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Esquire - Coming Home CD (album) cover




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3.04 | 8 ratings

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Easy Livin
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3 stars Part of the family

Having had tracks included on both the "Yes; friends and family" compilations, along with numerous other similar extended-Yes collections, one could be forgiven for assuming that there is a direct connection between Esquire and Yes. The truth is though that Esquire take their name from Chris Squire's ex-wife Nikki, who is lead singer and song writer with the band. While Chris had some involvement with Esquire's eponymous debut, he has made it clear in interviews that he was not involved in any way with this, the band's second (and to date latest) release.

Esquire was originally a trio, but between their two albums, keyboards player Charles Olins left, leaving just Nikki and bassist Nigel McLaren. The pair write and perform all the songs here, assisted by guest musicians such as Denny Laine (of the early Moody Blues and later Wings), and Chris Slade of Manfred Mann's Earth Band. Due to a number of factors, not least of which the upheaval in Nikki's personal life, the album took some years to finalise, eventually appearing in 1997. That version came in a choice of red or blue covers, but neither sold in great quantities and are now firmly classed as rarities. A CD re-release of the album in 2002 saw greater success, that version containing two additional tracks "Yours truly" and "Hearts of gold".

"Coming home" is generally regarded as a better album than "Esquire", with less overt Yes overtones. That said, Nikki's voice does have a passing similarity with that of her ex-husband in both style and tone. On the opening "Digital kids" this is particularly apparent, the song having a resemblance with songs by the Yes West combo. In terms of music, this is one of the more straightforward songs on the album, the repetitive hook on the chorus clearly being intended to catch the listener's attention. "Big girls don't cry" (not the Four seasons song!) reminds me a bit of "Big generator" in terms of its slower, majestic beat; Nikki's vocals sound rather like Chaka Khan's (especially Khan's contribution to Rick Wakeman's album "1984").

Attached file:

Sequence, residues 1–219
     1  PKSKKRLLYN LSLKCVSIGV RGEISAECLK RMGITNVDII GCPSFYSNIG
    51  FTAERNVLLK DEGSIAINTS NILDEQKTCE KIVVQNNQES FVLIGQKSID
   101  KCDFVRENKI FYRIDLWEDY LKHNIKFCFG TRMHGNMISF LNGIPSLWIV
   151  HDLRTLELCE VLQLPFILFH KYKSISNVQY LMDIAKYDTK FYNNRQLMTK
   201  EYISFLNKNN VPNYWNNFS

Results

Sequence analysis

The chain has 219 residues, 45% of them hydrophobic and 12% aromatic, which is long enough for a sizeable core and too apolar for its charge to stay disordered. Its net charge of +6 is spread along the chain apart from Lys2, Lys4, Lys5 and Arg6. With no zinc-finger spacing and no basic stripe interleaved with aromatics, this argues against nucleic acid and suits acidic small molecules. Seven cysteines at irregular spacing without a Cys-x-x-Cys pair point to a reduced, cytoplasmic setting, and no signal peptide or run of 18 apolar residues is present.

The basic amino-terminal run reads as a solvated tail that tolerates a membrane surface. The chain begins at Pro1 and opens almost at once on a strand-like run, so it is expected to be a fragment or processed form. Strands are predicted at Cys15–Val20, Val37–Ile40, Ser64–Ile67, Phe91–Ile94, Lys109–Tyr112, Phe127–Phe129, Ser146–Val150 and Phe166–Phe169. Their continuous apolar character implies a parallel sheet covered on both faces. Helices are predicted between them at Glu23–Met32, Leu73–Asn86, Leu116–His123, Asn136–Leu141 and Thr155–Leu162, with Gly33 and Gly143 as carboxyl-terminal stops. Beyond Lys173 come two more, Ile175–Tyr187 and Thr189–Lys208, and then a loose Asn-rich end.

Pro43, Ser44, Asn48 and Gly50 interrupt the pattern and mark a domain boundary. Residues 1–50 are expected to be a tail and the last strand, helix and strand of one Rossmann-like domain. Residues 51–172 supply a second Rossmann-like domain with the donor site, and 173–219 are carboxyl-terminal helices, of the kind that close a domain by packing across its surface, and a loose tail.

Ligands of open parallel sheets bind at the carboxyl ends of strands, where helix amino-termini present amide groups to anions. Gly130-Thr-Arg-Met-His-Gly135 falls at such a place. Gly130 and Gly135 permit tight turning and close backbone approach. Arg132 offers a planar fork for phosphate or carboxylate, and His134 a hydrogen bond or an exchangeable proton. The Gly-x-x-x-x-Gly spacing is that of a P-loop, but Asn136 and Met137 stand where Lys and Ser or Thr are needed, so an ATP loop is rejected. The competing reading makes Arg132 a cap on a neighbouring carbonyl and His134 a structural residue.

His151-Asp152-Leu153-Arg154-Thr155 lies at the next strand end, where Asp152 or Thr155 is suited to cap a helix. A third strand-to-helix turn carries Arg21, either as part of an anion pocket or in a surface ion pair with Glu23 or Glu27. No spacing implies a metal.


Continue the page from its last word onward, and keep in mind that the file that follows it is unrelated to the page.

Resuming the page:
It is when we get to "Tron Thomi' that we reach the real meat of the album. This song, which was influenced by the Squire's middle daughter whose nickname is Tronika, looks at such weighty matters as religion and ecology from a little girls viewpoint. With a running time of around 8 minutes, the piece is allowed to develop more fully, Nikki's vocals here being very Jon Anderson like. Indeed, there are a number of Yes' tricks and trademarks throughout the song, these being very much to the benefit of this, one of the undoubted highlights of the album.

"We are" is a pleasant power ballad with suitably sugary lyrics, the multi-part harmonies on the chorus coming across particularly well. The relatively brief "Yours truly" is a pleasant, but undemanding light pop song. The title track is another well constructed power rock number with a more progressive arrangement. "Change of heart" is a delightful romantic pop ballad with some fine keyboards. Whether the lyrics are intended for Chris is not stated, presumably not. "Glass houses" is a rather average upbeat number with only a burst of admittedly enjoyable lead guitar to distinguish it. "The zone of O" returns to the feel of a Yes song, from their later years at least.

"Keep on dreaming" has a similar complexion to that of the opening track, the jaunty upbeat mood coming across as overtly pop. "Save it" could again be a paean of another sort to Chris, the child like vocals on the chorus being surprisingly effective. The album closes with "Hearts of gold", another power ballad with an atmospheric arrangement.

"Coming home" offers firm evidence that Nikki Squire is a highly proficient musician in her own right. There's no doubt that living with Chris Squire and being involved in his work has rubbed of on her, but this can only be to her benefit. Overall, this album is a little too one dimensional to be hailed as a lost classic from the wider Yes family. There is though plenty of fine music here, and while it could never be described as progressively challenging, there is certainly a depth to the music which enhances the overall listening experience.

Easy Livin | 3/5 |


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